• @SGaist
    Yes, but QApplication::processEvents() sprays events all over the place, I'm more worried about what everything else might do than I am about my own widget! I just want my widget to update, or at least nothing but paint events everywhere, period! But I guess you've answered.

    Let me ask one question though: a QProgressBar manages to update its own text/visuals (when I go QProgressBar::setValue()) without doing a QApplication::processEvents(). How does it do that?

  • Lifetime Qt Champion

    If you don't want any event to be handle by the QApplication instance, then you have to do the same things a QProgressDialog: spin your own event loop.

  • @SGaist , or whoever,

    OK, there is something "magic" about QProgressBar which differs from QLabel, and I need someone to explain what it is, please. Basically, a QProgressBar updates visually without my needing to call QApplication::processEvents() but a QLabel does not.

    Consider the following sample, skeleton code:
    Main program:

    if __name__ == '__main__':
        app = QtWidgets.QApplication(sys.argv)
        main = Main()

    Main function:

    class Main(QtWidgets.QMainWindow):
        def __init__(self):
            self.setGeometry(100, 100, 500, 500)
            self.centralWidget = QtWidgets.QWidget(self)
            self.centralLayout = QtWidgets.QHBoxLayout(self.centralWidget)
            self.lblPb = QtWidgets.QLabel()
            self.pb = QtWidgets.QProgressBar()
            self.pb.setRange(0, 10)
            QtCore.QTimer.singleShot(1000, self.doProgress)

    doProgress() function:

        def doProgress(self):
            import time
            for i in range(10 + 1):
                # update the label text
                # We need *one* of the next two lines
                # to see the updated label text from above
                # QApplication::processEvents()
                # Yes, the next line is *deliberately* a "sleep"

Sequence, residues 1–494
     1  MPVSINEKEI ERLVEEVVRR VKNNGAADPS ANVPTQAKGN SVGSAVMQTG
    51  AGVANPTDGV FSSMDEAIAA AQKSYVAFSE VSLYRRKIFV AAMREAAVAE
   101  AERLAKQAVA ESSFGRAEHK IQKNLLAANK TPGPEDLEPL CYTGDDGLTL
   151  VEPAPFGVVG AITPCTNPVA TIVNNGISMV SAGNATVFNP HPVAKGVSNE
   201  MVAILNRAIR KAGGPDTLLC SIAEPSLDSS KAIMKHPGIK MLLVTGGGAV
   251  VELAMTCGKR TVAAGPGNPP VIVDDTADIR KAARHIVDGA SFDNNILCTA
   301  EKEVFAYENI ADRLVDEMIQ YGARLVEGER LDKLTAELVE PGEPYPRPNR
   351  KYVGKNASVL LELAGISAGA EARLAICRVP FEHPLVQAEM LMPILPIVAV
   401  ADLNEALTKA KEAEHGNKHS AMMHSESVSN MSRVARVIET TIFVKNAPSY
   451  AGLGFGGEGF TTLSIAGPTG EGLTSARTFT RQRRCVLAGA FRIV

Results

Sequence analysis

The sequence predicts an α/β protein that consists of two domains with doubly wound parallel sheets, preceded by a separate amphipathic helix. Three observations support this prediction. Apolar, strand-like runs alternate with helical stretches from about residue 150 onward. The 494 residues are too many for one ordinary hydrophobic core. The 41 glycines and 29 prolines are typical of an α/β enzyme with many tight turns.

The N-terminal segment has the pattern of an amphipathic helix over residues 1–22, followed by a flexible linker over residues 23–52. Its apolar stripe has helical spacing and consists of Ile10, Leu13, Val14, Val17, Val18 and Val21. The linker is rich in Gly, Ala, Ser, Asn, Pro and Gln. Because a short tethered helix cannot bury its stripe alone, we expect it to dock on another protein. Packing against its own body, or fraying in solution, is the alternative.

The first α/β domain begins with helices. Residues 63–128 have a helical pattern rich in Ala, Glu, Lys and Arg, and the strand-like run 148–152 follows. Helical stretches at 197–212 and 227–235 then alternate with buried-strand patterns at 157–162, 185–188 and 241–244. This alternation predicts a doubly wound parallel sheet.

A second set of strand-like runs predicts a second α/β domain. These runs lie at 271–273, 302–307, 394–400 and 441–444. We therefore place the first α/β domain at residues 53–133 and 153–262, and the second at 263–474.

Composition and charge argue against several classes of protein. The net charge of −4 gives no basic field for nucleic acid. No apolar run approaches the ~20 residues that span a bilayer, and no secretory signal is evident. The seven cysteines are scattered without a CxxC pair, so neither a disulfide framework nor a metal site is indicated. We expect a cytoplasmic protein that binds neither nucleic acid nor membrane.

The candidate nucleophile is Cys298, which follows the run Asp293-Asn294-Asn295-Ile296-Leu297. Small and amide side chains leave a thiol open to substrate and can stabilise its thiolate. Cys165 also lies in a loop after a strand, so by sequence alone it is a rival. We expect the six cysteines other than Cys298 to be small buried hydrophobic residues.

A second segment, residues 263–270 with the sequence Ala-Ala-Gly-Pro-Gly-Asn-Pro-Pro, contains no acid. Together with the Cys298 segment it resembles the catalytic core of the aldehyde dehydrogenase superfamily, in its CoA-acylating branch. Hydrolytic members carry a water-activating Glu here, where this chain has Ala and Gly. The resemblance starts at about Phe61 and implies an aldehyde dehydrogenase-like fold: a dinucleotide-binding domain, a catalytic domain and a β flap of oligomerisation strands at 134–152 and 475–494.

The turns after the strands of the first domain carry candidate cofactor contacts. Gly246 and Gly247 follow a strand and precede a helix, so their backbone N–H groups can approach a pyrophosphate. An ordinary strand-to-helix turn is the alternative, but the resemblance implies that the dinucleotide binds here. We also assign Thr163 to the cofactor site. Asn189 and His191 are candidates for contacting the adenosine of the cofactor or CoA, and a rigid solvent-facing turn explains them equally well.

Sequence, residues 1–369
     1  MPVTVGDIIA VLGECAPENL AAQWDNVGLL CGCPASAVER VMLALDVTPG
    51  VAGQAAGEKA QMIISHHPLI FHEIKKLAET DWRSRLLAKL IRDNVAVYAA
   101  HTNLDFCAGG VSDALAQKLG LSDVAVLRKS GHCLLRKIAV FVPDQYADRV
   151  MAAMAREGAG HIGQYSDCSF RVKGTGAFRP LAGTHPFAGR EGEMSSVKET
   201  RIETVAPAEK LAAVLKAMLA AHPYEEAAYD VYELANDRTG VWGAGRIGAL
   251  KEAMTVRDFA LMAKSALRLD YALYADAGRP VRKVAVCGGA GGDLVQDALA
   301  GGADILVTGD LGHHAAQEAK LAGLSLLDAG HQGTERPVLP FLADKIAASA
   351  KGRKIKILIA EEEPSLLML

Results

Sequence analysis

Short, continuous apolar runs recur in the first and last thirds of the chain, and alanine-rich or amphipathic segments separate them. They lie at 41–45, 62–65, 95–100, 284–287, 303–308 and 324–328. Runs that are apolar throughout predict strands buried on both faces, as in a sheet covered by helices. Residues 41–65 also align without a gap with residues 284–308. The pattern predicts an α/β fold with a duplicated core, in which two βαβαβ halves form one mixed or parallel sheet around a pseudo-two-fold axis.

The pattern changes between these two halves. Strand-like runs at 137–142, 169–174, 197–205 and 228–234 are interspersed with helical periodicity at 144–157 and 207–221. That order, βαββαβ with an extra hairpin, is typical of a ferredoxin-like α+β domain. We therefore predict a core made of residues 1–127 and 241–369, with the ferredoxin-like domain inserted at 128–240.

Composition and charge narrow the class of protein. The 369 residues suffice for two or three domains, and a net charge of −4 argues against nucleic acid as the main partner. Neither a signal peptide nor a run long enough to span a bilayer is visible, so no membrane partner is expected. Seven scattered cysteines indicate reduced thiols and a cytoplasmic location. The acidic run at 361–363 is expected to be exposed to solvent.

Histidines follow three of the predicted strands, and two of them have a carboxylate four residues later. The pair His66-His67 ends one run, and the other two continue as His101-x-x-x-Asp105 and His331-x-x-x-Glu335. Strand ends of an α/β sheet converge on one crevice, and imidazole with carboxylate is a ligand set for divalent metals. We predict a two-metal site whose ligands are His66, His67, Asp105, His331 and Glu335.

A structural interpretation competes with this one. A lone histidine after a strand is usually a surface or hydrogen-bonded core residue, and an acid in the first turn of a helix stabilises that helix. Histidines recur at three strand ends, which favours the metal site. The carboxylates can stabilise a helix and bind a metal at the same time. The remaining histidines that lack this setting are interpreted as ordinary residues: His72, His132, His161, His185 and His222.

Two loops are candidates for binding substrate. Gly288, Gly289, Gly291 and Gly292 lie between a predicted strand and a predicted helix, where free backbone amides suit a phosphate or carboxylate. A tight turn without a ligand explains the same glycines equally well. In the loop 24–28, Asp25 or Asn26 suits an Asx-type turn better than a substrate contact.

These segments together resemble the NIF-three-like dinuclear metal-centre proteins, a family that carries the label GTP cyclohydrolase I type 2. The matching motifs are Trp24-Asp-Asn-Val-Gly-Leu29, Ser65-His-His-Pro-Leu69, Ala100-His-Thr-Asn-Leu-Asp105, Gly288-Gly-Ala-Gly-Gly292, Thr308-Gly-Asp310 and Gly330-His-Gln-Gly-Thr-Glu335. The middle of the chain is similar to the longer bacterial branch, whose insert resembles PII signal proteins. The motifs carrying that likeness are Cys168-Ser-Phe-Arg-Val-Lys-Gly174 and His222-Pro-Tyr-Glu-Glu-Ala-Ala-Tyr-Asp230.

# It *simulates* doing some processing but *not* calling `processEvents()`

    So, I'm just setting off to call doProgress() after the main window is up & shown. Its job is to update the QProgressBar and the QLabel while in a non-event-processing-loop, to see what is visible.

    Now, what is interesting is that the progressive QLabel.setText() is only visible because we are also calling QProgressBar.setValue(). The progress bar gets visually updated, and so does the label text. But if we remove the call to QProgressBar.setValue() we do not see the label updating. We then have to put in an explicit QApplication::processEvents() to get to see the label's new value.

    So: what is QProgressBar.setValue() doing exactly to cause this, and where is that documented, please, please?

  • Ah ha!!!

    Googling around, I have come across QWidget::repaint(). After calling QLabel::setText(), I can just call QLabel::repaint() and I see the text immediately updated, just as wanted, without having to call QApplication::processEvents() or QProgressBar.setValue().

    I'd still like to know what QProgressBar.setValue() does to allow the QLabel to repaint too, but I seem to have my solution.

    May I ask: I kept asking "how can I force widget repaint without processing events", and nobody drew my attention to QWidget::repaint(). Why is that, please?

  • Lifetime Qt Champion

    Nothing against you, I worked from memory and I had forgotten about the specifics of repaint well update VS repaint.